The third chapter of No-No Boy by John Okada starts with the main character Ichiro, the Japanese American released from prison, leaving Freddie’s (his friend, presumably Japanese American as well) and walking the streets of the city. The man was sentenced to prison since, after already being at the internment camp, he refused to join the American army in World War II. He was released after the war was over.
We will write a custom Essay on “No-No Boy” a Book by John Okada specifically for you
301 certified writers online
At the beginning of the third chapter, the man thinks of both his past and future and wonders if he can ever be accepted into American society again and if he can ever be happy in it. He takes the bus he used to take to get to the university and decides to see his professor. Although the professor invites Ichiro to continue his education, the conversation is awkward, and Ichiro realizes that the last several years have changed him too much.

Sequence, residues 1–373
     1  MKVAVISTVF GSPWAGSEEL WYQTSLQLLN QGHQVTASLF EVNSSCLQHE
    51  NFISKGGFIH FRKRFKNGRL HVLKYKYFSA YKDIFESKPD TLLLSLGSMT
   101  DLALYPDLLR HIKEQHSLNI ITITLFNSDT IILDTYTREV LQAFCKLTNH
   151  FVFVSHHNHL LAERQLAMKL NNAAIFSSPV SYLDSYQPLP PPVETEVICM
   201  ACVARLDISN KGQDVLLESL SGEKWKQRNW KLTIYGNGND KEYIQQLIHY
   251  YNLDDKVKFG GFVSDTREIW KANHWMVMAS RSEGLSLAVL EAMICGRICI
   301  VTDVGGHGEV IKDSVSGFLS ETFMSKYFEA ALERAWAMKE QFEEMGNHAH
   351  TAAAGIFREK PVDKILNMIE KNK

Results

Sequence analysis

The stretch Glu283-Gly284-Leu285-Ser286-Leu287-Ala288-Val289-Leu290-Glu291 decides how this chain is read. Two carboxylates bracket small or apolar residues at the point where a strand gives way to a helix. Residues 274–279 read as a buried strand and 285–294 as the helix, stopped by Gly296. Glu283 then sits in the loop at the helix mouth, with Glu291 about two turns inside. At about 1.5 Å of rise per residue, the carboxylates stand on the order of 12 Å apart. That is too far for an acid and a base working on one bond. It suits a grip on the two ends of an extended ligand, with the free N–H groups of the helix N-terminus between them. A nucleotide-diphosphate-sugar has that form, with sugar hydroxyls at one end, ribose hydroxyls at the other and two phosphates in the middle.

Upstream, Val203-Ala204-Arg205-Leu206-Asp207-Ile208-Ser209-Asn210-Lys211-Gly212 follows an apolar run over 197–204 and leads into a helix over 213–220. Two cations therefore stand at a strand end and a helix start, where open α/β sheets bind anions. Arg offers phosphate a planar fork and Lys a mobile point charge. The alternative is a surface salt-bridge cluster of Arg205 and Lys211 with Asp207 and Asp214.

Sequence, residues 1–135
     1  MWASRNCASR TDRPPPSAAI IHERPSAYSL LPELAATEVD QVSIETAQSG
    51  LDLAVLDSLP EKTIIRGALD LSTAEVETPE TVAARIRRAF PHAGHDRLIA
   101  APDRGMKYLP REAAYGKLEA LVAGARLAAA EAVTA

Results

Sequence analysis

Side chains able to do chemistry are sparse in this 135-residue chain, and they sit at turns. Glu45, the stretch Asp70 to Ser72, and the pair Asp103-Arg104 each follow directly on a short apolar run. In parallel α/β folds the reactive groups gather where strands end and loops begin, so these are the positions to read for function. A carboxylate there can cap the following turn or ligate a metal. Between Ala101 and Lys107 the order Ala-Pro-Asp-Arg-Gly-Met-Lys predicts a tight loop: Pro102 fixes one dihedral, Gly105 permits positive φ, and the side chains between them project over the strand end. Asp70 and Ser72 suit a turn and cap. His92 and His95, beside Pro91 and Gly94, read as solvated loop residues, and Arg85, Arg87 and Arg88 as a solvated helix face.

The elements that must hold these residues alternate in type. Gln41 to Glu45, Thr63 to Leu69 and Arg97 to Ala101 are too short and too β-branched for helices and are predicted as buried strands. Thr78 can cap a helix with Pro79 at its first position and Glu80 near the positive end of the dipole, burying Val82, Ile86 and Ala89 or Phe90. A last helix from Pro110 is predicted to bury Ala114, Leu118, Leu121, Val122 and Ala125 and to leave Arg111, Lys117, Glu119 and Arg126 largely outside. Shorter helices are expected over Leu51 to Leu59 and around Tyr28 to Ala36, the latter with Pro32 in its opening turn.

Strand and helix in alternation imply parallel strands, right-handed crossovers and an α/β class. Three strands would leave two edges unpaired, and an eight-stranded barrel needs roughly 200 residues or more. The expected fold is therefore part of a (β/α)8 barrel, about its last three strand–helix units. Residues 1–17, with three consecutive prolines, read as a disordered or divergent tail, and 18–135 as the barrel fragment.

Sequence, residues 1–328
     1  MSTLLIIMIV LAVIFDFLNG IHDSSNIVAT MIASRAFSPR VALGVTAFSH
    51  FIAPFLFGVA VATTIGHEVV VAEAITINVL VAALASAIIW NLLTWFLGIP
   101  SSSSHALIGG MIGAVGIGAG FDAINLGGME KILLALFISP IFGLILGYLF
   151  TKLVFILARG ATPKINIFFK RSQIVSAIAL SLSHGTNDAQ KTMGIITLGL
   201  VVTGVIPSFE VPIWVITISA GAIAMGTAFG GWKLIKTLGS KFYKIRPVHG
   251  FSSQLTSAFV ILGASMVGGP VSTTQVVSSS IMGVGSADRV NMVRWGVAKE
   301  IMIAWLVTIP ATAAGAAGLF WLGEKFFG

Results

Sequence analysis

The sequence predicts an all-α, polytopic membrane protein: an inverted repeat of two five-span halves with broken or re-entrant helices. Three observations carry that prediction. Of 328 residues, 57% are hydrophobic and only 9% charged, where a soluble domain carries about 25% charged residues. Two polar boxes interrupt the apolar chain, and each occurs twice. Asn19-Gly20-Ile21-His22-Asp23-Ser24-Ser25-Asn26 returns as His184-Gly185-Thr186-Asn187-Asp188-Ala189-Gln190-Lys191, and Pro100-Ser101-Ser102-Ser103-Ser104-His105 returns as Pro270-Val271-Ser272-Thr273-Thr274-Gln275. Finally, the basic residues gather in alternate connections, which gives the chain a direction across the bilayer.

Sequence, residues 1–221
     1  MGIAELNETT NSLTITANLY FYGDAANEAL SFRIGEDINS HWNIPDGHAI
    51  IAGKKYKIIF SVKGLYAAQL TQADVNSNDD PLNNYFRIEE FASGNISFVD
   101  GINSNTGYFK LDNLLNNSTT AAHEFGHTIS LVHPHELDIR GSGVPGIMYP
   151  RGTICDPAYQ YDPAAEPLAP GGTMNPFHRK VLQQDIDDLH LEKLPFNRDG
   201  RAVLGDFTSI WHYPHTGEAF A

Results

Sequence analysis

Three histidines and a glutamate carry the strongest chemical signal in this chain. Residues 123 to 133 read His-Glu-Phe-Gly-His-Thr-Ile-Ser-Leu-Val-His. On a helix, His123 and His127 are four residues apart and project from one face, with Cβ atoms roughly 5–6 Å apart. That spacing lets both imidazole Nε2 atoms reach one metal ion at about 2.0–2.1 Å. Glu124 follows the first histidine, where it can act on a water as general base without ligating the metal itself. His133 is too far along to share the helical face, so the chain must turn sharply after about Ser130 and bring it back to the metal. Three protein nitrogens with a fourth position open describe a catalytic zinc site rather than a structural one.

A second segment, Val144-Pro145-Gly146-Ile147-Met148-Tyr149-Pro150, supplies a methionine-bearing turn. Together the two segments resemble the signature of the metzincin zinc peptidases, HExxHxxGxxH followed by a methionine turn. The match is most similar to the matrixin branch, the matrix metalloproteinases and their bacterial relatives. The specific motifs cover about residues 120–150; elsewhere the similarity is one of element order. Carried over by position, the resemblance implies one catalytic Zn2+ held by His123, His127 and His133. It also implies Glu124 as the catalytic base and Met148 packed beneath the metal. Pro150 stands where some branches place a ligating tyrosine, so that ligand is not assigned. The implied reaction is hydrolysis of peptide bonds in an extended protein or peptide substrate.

The sentence that better of all has helped me to understand the context of the story and what the author is writing about is the following one: “Being American is a terribly incomplete thing if one’s face is not white and one’s parents are Japanese of the country Japan which attacked America” (Okada 49). It helps to realize that the excerpt is about the events after World War II since the phrase “the country Japan which attacked America” presumably refers to the attack on Pearl Harbor (Okada 49). Additionally, the passage describes relations between the native-born Americans and Japanese Americans during that period.
At the end of the nineteenth century, unskilled Japanese began to immigrate to America to find some jobs. By the beginning of the twentieth century, their number significantly increased, which is why the US was concerned about it and practically prohibited their immigration with The Immigration Act of 1924. Thus, all young Japanese who lived in America in the 1940s were already born there and considered themselves as Americans. However, after the attack on Pearl Harbor, the American government decided to send Japanese Americans to internment camps, after which, in case they refused to join the American army, they were sentenced to prison. When the war was over, Japanese Americans were released with excuses. The novel No-No Boy by John Okada describes these events.
Okada, John. No-No Boy. Seattle, Washington: University of Washington Press, 2014. Print.